In 2022, 42% of hybrid workers and 46% of remote workers completed self-reviews, compared to just 33% of on-site workers. 
An example of a self-assessment in Lumus, a 360-degree feedback platform (Source)
While self-assessments are great for capturing the perspective of the employee who's being evaluated, there's always a risk of bias. For the best results, always consider the results of peer assessments in addition to self-assessments.
2. Peer assessment
Peer assessments are one of the most essential sources of input for performance appraisals, but this is especially true in remote or hybrid environments where team managers don’t have as much oversight.
Peer reviews capture the perspective of the people an employee works with on a regular basis. This means that employees get more feedback than they would if only their manager reviewed them, and also that their performance and behavior are represented more holistically.
In order to get the most truthful feedback from employees, peer assessments should be anonymous. They should also have a framework that peers can use to base their assessment on, such as a numerical scale or prompts tied to specific soft and hard skills.
A performance management tool called Peoplebox prompts a user to submit reviews for themselves, their manager, and a peer (Source)
3. 360-degree feedback assessment
As mentioned previously, 360-degree feedback tools can be used to facilitate self- and peer- assessments.
However, a true 360-degree feedback process is considered its own kind of performance appraisal strategy, because organizations that use this approach typically don't need to pair it with many other systems or strategies (if any at all).
This is because 360-degree feedback considers the perspective of every individual within a work ecosystem. Employees review themselves and also receive evaluations from their manager, team members, cross-functional peers, and direct reports. Feedback is typically kept confidential and anonymous, with the caveat that the individual being evaluated will know who was given a chance to provide their feedback.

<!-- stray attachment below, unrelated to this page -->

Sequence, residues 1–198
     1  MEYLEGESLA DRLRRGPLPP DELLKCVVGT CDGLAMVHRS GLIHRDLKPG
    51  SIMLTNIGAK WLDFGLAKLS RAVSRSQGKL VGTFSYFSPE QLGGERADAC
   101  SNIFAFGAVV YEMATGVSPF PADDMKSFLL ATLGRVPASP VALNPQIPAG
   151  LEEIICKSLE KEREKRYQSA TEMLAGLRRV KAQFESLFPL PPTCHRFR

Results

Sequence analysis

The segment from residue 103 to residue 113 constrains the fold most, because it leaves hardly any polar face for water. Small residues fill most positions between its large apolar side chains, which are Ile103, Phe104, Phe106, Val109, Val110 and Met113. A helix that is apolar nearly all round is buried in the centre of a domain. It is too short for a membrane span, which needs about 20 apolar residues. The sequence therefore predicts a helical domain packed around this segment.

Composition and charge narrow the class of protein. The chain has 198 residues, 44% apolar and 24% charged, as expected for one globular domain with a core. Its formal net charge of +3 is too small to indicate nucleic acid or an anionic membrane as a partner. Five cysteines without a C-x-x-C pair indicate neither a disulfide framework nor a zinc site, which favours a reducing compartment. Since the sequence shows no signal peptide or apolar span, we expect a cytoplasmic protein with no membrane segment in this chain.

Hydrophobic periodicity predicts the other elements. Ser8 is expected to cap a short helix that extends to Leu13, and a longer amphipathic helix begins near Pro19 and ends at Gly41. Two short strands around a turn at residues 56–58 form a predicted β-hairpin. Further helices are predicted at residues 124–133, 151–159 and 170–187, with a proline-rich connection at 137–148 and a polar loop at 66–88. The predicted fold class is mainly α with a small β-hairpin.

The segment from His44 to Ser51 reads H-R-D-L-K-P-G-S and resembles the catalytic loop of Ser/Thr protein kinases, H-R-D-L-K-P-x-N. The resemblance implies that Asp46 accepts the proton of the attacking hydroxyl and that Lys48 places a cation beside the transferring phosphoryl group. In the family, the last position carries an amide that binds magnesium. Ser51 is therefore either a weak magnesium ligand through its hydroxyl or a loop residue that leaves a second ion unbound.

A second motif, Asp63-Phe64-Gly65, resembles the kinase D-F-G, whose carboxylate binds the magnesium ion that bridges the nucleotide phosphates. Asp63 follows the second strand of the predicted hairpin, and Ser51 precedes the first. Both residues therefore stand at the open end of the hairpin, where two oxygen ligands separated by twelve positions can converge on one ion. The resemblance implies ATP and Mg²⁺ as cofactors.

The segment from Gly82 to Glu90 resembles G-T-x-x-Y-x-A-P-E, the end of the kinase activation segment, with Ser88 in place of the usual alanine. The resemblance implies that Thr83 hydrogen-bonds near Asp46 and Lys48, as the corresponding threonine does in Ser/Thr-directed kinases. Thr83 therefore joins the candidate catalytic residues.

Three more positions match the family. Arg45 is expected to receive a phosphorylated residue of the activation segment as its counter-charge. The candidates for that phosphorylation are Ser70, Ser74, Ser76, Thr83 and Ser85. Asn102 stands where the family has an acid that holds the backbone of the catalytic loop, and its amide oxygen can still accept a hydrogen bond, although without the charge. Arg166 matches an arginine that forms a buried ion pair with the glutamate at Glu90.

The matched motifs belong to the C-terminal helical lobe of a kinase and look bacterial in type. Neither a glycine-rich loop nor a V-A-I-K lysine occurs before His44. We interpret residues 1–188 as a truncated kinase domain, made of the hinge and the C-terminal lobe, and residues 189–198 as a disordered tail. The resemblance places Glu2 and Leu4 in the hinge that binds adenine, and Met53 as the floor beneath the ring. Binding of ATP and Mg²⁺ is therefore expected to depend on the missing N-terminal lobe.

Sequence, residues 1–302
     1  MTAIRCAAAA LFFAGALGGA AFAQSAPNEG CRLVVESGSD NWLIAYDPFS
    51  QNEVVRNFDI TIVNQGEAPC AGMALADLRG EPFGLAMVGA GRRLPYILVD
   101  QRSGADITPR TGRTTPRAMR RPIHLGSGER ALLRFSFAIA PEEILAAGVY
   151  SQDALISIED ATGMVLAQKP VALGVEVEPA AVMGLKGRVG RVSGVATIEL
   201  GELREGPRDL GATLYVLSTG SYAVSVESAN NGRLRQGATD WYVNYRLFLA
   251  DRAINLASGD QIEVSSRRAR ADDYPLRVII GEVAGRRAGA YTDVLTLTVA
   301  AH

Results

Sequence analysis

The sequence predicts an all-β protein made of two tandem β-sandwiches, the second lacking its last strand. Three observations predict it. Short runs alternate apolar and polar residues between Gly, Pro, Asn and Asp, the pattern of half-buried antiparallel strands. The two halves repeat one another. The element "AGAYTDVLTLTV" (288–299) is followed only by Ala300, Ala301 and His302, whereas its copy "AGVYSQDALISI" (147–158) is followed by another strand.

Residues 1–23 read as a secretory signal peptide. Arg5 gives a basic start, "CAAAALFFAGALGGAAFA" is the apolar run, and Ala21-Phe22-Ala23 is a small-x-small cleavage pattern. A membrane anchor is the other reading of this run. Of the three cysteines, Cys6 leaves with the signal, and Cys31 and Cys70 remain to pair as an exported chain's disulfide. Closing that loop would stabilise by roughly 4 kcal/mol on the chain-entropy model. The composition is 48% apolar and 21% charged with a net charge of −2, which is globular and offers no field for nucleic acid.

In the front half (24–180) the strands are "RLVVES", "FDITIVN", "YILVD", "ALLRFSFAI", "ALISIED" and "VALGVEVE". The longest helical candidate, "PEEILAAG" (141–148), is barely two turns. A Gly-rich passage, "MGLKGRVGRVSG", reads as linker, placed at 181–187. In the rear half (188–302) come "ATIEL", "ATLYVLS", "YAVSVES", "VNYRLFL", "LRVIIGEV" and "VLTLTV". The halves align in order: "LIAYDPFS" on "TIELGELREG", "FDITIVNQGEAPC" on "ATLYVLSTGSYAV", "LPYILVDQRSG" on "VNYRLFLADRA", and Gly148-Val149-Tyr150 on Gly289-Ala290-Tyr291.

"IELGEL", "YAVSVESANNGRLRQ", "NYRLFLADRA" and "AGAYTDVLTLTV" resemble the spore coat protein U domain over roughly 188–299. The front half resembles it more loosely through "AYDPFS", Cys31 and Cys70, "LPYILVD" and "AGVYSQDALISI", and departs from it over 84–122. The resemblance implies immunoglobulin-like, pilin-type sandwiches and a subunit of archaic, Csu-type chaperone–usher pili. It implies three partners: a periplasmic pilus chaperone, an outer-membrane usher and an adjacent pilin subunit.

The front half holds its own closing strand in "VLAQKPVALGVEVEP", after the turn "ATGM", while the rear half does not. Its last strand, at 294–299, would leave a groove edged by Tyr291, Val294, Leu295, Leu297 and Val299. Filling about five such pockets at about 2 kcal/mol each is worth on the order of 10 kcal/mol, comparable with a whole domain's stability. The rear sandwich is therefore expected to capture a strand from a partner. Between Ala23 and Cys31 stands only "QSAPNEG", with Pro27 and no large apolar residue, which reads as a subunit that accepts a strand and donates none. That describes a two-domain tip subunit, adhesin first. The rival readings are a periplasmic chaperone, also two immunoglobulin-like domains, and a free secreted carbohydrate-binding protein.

An overview of the 360-degree feedback process as facilitated by ClearCompany (Source)
Only 33% of organizations involve employees' peers in performance evaluation, and just 25% involve teams. This is a problem considering that most (69%) HR leaders believe hybrid work has decreased managers' visibility into employee work patterns.  Adopting a 360-degree feedback process helps provide managers with the insights they need to truly understand how their team members are performing beyond what the metrics say.
4. Negotiated appraisal
Negotiated performance appraisals are driven by the employee and often involve a mediator (such as an HR professional) to act as a neutral party. They're most useful in situations where an employee is consistently underperforming or there’s a conflict between the employee and their supervisor or manager.
Here's a rough overview of how negotiated appraisals work:
First, a framework for the evaluation is decided upon. The employee may be prompted to reflect on how they contributed to different key projects over the past six months to a year. Or, they might contemplate their performance in three areas: 1) where they perform well and contribute to the organization, 2) where they have shown recent improvement, and 3) where they still need to improve.